Original Story: freep.com
Resolutions are like flowers — pretty when they bloom on New Year's Eve, but often rather stale by the time any real reckoning for them comes around.
But they can also be useful divergences from the norm. A chance to dream, just for a bit, about things we might do better.
In Michigan, and southeast Michigan in particular, the list could be auspicious.
What if statewide, for instance, we committed to actually solving problems based on facts and merit, rather than indulging in hyperbolic ideology?
We're thinking specifically here about last year's legislative meltdown over roads, where the practical solution was obvious (more money for better maintenance along with tighter restrictions for the vehicles that do the most damage) but the agreed-upon abdication pushed all the decision-making to voters in a half-baked proposal. The anti-tax crowd cowed enough legislators to prevent the best, but politically difficult, ideas from winning the day.
It's instructive to compare the Legislature's handling of roads to the state's management of Detroit's financial crisis. After years of disinvestment and avoidance, the state actually stepped up to force tough decisions in its largest city. Billions in debt and liabilities were reorganized or chopped down, and a 60-year slide now seems poised to reverse.
Be it resolved that the Legislature take some cues from the handling of Detroit's financial woes in the way it addresses roads and a host of other issues like education and local government funding. Let's see how long the glow from that resolution lasts.
Locally, the best resolution can be summed up in two words: Don't blink.
Detroit's new financial lease on life is the opportunity of a generation, but there's much that needs doing to take full advantage — and that's not just for Detroiters. We can't afford to have key parties cower from the challenges that are now much more manageable, but still unfinished.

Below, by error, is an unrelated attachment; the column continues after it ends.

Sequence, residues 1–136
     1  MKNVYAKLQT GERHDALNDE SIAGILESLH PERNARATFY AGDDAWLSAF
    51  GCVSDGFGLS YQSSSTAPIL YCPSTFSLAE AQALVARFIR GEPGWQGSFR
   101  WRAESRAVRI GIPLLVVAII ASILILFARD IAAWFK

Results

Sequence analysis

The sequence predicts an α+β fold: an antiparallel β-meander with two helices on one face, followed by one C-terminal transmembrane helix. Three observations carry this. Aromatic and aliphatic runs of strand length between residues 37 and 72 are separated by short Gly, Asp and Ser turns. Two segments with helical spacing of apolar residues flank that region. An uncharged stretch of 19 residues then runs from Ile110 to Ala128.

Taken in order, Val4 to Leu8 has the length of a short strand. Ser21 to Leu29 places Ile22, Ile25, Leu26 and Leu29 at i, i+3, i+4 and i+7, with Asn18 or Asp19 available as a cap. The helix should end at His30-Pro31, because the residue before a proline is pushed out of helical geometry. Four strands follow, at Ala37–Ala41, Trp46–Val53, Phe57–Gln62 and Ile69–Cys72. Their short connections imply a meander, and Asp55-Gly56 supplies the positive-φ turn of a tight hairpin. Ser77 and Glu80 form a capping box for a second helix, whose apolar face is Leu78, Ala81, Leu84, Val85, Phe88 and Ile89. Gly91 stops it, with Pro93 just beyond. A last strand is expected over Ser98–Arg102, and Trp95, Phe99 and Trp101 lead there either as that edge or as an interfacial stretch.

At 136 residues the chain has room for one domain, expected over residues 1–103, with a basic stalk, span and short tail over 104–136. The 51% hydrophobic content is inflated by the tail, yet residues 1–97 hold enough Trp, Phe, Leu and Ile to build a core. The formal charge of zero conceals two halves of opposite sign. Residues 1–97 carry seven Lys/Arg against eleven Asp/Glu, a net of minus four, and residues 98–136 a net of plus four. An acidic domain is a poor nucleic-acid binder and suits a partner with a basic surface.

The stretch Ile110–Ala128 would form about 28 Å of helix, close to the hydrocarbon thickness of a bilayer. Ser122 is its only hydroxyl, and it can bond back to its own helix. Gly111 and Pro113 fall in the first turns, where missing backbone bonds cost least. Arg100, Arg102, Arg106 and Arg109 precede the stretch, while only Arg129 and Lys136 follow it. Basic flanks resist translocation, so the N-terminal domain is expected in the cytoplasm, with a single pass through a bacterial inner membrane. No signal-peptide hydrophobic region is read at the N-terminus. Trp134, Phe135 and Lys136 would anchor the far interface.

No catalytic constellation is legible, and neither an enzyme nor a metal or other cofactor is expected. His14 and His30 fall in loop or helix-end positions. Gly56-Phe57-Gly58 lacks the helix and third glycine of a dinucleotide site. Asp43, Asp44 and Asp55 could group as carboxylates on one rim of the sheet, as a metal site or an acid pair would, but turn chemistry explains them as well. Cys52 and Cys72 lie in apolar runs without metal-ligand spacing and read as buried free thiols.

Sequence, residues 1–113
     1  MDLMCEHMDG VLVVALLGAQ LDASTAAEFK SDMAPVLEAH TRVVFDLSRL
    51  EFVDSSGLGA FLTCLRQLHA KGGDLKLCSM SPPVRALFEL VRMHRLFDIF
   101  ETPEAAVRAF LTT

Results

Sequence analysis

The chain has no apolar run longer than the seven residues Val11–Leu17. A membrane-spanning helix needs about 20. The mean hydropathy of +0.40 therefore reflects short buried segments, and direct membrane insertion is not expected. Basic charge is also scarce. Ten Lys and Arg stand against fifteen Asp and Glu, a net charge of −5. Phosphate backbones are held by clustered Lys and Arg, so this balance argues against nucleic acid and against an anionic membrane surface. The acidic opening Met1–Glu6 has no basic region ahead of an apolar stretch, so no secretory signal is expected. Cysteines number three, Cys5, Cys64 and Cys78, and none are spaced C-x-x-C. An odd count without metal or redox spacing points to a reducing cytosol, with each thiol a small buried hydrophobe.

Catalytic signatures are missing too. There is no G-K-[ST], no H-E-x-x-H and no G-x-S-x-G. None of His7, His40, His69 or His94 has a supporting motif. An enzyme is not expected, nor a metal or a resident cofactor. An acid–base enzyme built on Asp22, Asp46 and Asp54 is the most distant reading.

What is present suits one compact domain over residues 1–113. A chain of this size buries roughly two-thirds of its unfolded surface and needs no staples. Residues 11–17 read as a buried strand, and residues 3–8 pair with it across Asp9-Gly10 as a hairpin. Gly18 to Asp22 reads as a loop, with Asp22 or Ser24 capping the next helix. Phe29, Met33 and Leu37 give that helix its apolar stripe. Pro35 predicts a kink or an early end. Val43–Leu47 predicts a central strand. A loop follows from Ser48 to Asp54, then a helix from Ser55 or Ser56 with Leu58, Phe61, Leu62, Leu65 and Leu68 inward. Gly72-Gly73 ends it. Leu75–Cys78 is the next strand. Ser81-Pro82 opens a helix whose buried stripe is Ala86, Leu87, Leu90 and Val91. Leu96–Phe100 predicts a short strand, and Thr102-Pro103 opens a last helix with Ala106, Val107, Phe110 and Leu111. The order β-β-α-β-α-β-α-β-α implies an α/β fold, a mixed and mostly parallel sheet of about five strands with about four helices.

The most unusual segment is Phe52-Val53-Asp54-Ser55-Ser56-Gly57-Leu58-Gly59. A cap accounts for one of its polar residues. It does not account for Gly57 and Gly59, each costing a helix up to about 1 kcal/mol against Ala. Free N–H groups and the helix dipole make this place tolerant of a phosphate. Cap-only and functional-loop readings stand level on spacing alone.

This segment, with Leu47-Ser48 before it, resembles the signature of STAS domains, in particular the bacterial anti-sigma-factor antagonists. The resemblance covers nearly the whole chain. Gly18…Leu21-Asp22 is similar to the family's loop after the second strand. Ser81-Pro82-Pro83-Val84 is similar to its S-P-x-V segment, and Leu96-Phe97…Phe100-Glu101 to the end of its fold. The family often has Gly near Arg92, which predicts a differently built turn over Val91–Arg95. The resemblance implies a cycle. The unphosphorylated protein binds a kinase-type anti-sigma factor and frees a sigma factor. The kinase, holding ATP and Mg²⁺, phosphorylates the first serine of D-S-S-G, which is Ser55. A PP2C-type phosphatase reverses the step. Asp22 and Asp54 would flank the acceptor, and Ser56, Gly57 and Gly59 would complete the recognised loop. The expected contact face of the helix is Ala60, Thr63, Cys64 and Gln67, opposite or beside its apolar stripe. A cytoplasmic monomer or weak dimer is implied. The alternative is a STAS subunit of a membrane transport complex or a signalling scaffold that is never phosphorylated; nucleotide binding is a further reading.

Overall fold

True, city government must deliver services better, primarily focused on blight removal and public safety. But it will still be somewhat cash-strapped, and the need for help from the outside — from quarters that have long sat on the sidelines as the city declined — could not be more acute.
Private interests who have held back investment in the city need to join companies like Quicken Loans, Blue Cross and General Motors, and jump into the revitalization of the city's Central Business District. State government, having helped the bankruptcy along with $200 million for the grand bargain, must commit to build on that investment with money for neighborhood revitalization and the building of real economic opportunity.
And Detroiters themselves must continue to insist that things can, and will, be better — by holding elected officials accountable and making strong choices at the ballot box.
Be it resolved that Detroit's potential turnaround becomes more real in 2015, by building on last year's historic momentum.
New year, new hope. Let's toast to it with fervor, but then get right back to work.
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